Who We Are
Sirigu is a village in Northern Ghana, well known for its traditional architecture, pottery and wall designs. It is situated in the subsahel savannah area. The village can be reached by motorable gravel road that passes the undulating rural area with its scattered trees, houses, its farmland and grazing areas. Farmers frow sorgum, millet, groundnuts and keep cattle, goats, and fowls. In the rainy season the fields are green, but in the dry season the yellow and brown colours dominate. The people of this area mostly farmers but due to low prices, unreliable rains and degrading farmland, the productivity of agriculture is going down.
Women in Sirigu have a weak social and economic position because of the traditional relations in the family system (that includes dowry, polygamy), the low literacy level and the heavy workload in farming, crafts and household activities. Pottery and wall decoration are activities that provide income and give cultural identity for women in the traditional society.
In 1997 SWOPA, the Sirigu Women Organisation for Pottery and Art was established.
The founder of SWOPA, Mme Melanie Kasise, is the first woman of the community who received higher education. She has made a career in the educational service in Ghana and after her retirement she decided to dedicate herself to improve the situation of 'her sisters in the community'. She indicated: 'My mother was a famous wall painter and potter. She was able to pay for my school fees through incomes she earned from pottery. I want to support women in Sirigu to strengthen their position through pottery, art and education'.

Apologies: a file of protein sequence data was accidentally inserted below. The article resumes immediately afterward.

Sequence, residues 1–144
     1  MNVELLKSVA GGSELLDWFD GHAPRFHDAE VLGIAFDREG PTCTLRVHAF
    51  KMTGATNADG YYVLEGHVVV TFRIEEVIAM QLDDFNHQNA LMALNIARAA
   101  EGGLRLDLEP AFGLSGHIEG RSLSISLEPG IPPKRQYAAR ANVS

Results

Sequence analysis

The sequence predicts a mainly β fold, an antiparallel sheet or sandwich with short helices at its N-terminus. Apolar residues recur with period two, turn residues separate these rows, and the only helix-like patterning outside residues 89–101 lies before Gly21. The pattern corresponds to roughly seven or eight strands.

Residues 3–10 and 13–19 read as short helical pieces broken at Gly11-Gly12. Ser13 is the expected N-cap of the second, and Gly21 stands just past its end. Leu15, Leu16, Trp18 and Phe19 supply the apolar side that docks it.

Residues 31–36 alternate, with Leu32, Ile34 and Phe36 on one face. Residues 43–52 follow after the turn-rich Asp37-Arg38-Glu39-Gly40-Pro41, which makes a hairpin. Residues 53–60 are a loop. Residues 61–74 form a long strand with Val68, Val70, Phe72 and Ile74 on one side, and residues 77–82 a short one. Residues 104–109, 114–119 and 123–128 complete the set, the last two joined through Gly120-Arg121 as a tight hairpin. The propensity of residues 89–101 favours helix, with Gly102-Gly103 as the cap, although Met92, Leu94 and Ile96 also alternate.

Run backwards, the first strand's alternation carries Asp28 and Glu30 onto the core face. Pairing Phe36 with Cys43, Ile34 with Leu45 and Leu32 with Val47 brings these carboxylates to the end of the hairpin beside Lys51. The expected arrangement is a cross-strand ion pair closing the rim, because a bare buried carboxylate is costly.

SWOP provides a unique opportunity for women to come together to share problems, strengthen social ties and solidarity, to modify power in family relations, to improve the marketing and produce pottery and art, to improve marketing and the income situation. Art and craft also present opportunities for women to develop and express their individual qualities and identity.